These caveats are typically omitted when writing the rules, else they provide a too-convenient escape hatch for those who would not be bound by the rule. The rules list those presumptions by which our models are bound where substantial data to the contrary is lacking. Those who would violate the rules are saddled with the burden of proof.

  • If the truth is not simple, prove it!
  • If what was differs from what is, prove it!
  • If different inputs will produce the same outcome, prove it!
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Ishmael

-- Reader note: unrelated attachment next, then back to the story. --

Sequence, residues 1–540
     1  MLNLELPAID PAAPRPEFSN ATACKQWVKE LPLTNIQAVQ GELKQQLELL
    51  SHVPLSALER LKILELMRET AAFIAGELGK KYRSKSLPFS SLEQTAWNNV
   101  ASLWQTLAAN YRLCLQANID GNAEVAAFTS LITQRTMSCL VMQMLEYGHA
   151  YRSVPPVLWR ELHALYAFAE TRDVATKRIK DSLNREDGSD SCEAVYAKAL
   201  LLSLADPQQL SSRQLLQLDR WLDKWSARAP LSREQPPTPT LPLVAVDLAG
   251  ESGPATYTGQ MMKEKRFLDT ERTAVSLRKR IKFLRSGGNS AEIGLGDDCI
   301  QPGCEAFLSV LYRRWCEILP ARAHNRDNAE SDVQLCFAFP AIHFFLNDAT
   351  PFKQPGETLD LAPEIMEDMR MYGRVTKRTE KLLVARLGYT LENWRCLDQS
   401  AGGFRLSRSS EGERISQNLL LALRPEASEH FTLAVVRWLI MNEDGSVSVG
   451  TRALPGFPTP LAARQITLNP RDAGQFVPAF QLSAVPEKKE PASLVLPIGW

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Presumptive logic means that, even where we know nothing, we already know a lot.
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Mick Harper
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The other version is "The more you know, the more you are bound by what you know."
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Ishmael


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In no way do these rules eliminate the possibility that the solution to a problem may be complex or that the same result might be produced by completely different actions -- no more than they require the past to be a duplicate of the present. The rules simply alert us to the default state of things we are required to presume absent substantial evidence to the contrary ("bone-chilling" or of lesser quality).